Pareto – The 80/20 rule

You’ve probably heard of this. 

Vilfredo Pareto was an Italian economist who noticed in 1896 that 80% of the land in Italy was owned by just 20% of the population. He followed this with studies which showed that the same was true in other countries. 

In 1941 management consultant Joseph M. Juran started applying Pareto’s thinking to quality improvement, suggesting that 80% of a problem comes from 20% of the causes.  

In leadership terms this 80-20 principle suggests that 80% of your impact comes from just 20% of your work. 

This is why getting your priorities straight is so important. 

What is the 20% of your work that makes most of your impact? 

If you can answer this question, you can shift more of your time into activity that really matters. 

What is the 20% of stuff that causes 80% of the problems?

If you can answer this… You know what to avoid. Or get rid of. 

This is a good recipe for making progress. 

Identify the most productive 20% and amplify. Identify the most annoying 20% and cut it back. Repeat. 


In my free e-Book on the 6 Keys to Leadership the first characteristic I mention is: Vision. 

If you can identify the way forward and
set it out for people, you’re on the road
to leading them there. 

As I’ve quoted before John Maxwell says a leader is “someone who knows the way, goes the way and shows the way”. Knowing the way, or setting a vision, is the very first step. 

The word “Vision” is often used in a grandiose sense. Think of the “visionary leader” who brings forward entirely new ideas about how things should be done, and casts them in vibrant words that carry people into a brighter future for all humanity. This is wonderful. But very rare. 

Most people trying to lead don’t have to change the whole world to make a difference. But you do need a clear sense of where you’re trying to get to, and a way to describe it that shows people how they fit in to the plan. 

It doesn’t matter whether you’re at the very top of the tree, responsible for a large branch, or just minding the business in one small cluster of leaves. Cut through the complexity, imagine a way in which your organisation would be better and tell a story about it that your colleagues can see themselves in. 

As an exercise, try thinking about the following questions. 

What is the barrier you and your team run up against the most? What would not having this barrier look and feel like? 

What are you not delivering that your customers really want? What would providing it look and feel like?

What could you change in your corner of the business that would contribute powerfully to the new overarching strategy your boss has brought in? What would that mean for your team in their day to day work?

Where is the latest technology being adopted by organisations like yours? Should you be picking that technology up? Or deliberately retaining a human to human approach? How would that impact your team?

What are your team’s passions? Is your team working in its power zone? Or has it drifted into the market-expertise overlap? How could moving towards “passion” enhance what your team delivers for your organisation?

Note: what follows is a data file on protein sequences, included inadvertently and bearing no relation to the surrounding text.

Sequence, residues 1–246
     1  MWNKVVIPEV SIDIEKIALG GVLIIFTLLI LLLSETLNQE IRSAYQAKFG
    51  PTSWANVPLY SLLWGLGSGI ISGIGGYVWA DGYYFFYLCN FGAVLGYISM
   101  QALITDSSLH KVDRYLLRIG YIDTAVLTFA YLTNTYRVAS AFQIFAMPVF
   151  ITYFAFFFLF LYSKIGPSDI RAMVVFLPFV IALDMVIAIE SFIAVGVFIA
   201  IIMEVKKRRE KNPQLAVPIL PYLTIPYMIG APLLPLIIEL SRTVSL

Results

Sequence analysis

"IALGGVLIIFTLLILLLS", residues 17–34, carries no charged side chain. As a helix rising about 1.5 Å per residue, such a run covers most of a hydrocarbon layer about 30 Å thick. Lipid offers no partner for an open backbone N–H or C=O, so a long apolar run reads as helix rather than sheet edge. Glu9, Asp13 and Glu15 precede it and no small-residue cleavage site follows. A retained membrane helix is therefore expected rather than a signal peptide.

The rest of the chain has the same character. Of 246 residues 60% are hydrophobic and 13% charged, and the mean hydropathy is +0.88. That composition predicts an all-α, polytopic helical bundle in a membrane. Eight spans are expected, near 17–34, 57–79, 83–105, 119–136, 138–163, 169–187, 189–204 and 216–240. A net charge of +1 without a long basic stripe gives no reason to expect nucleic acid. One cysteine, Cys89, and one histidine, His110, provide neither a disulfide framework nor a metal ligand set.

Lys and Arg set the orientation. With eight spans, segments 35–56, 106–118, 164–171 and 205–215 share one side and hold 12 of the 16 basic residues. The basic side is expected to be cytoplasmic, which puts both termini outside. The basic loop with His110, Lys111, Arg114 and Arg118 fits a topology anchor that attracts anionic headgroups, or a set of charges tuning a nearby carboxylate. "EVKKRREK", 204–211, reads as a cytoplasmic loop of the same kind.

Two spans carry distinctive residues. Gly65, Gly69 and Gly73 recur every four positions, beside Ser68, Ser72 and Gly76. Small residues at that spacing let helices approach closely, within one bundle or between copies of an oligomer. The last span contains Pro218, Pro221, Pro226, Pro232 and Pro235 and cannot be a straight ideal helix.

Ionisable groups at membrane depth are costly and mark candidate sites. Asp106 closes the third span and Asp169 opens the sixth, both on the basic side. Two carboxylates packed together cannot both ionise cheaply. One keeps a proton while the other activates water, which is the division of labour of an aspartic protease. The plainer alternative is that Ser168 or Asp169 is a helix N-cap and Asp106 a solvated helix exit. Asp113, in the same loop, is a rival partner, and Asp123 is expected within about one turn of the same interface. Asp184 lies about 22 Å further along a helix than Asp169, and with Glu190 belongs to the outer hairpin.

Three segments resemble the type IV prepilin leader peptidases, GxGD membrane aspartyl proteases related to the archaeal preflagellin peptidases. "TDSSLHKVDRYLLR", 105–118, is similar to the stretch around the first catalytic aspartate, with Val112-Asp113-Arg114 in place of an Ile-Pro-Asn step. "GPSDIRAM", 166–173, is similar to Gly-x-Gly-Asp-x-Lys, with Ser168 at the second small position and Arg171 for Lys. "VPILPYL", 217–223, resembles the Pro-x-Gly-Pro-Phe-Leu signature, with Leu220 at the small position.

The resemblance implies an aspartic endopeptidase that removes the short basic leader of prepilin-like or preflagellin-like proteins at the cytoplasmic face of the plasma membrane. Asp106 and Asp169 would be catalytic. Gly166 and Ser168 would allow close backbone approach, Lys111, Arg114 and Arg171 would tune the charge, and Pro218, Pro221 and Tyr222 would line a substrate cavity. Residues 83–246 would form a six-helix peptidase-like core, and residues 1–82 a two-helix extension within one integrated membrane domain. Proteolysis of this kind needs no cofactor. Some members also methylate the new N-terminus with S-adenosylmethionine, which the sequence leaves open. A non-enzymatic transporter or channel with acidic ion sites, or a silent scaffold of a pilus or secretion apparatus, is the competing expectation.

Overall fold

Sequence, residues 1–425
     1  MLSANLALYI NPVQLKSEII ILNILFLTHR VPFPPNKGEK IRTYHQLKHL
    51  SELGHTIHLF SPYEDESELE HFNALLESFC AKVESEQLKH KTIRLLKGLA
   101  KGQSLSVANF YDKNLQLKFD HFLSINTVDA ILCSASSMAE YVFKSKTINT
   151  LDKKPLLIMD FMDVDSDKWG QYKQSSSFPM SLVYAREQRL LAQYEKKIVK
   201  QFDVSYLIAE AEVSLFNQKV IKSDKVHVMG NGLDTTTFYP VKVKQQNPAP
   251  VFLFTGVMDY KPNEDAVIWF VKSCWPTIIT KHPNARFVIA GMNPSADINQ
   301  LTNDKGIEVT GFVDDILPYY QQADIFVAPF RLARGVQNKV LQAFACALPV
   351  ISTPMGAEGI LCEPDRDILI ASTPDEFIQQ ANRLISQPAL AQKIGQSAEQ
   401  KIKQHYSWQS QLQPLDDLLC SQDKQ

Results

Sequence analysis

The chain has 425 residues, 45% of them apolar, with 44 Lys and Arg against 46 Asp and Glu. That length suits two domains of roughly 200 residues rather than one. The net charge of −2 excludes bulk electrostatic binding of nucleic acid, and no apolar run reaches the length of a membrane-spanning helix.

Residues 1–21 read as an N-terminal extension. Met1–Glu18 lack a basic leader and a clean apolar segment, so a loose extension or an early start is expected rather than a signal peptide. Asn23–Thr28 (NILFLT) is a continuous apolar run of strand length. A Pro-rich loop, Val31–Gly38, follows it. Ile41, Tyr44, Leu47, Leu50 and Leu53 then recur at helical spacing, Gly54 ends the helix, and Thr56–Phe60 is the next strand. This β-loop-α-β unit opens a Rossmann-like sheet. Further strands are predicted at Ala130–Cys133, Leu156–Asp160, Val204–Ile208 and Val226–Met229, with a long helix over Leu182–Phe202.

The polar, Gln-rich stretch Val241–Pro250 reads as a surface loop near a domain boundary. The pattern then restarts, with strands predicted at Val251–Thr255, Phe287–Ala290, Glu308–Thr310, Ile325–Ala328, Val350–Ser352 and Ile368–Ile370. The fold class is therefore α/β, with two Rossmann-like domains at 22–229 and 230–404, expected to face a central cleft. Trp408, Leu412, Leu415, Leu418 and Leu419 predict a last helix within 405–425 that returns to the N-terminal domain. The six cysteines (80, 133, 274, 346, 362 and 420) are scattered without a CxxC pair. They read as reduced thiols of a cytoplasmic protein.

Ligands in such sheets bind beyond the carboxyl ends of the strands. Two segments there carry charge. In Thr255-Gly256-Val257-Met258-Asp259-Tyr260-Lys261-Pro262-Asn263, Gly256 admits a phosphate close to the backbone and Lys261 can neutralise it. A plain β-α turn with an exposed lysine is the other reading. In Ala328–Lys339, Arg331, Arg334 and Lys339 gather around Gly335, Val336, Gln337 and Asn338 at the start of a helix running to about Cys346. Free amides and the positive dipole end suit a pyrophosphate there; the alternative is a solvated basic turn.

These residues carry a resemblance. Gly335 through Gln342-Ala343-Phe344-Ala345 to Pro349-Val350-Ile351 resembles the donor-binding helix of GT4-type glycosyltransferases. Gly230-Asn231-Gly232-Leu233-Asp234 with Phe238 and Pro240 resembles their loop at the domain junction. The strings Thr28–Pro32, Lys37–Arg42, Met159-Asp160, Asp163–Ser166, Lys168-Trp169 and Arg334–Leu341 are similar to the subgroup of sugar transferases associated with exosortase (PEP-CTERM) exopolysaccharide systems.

My point is… None of these questions are particularly esoteric or world-changing. But they will start you on the road to shaping a Vision for you and your team. 

Leave a comment with answers to any of the questions above. 

Changing things to make things better…

…is a pretty good definition of the leadership task. 

In this post I provided the following picture of how leadership and management work together. 

Leadership is about identifying “opportunities to add value” and taking action to move things forward. Which inevitably means… Changing things. To make things better. 

So how do you find the opportunities to add value?

Ask some questions. Ask yourself. Ask your colleagues. Ask your customers*.

(*Customers might be people who actually buy things from you. And they might be the groups of people you serve elsewhere in your organisation.)

Where are your frustrations? What is the stuff that keeps getting in the way? Or the process that just doesn’t quite work right?

Where are your best customers? What are they valuing? What’s the most important thing you do for them and how well are you doing it right now?

Where are your competitors? What’s all the rage right now? Are you in on it? Should you get in on it? Or do something different to set yourself apart?

Somewhere in-amongst the answer to these questions are several things that would add value. 

Pick one. Move it forward. Repeat. 

Where are you?

You might be in your first or second leadership role. 

You might be thinking about applying for a position with more responsibility than you’ve had before.

You might have been doing leadership for ages but just started thinking about it as a topic in itself. 

The word “leadership” is in your job description but no-one has really explained what it means or offered you any training or guidance on it.

You want to make an impact. 

You want to get things done that make a difference. 

You want to bring people with you. Not leave them confused on the sidelines or broken in your wake. 

You’d like some ideas about leadership to think about and work on. 

What it is. What it looks and feels like.  

How to make positive changes while looking after your people. 

If some or all of that is true… 

Welcome. Lead From Where You Are is for you. 

It doesn’t matter if you have a handful of people reporting to you, or a hundred, or none at all. You can lead from where you are. I’d like to help. 

As well as posting here and at  I’m building some resources and hoping to start running some in-person workshops this autumn. 

So tell me… Why are you here? What are your frustrations and challenges? What has worked for you?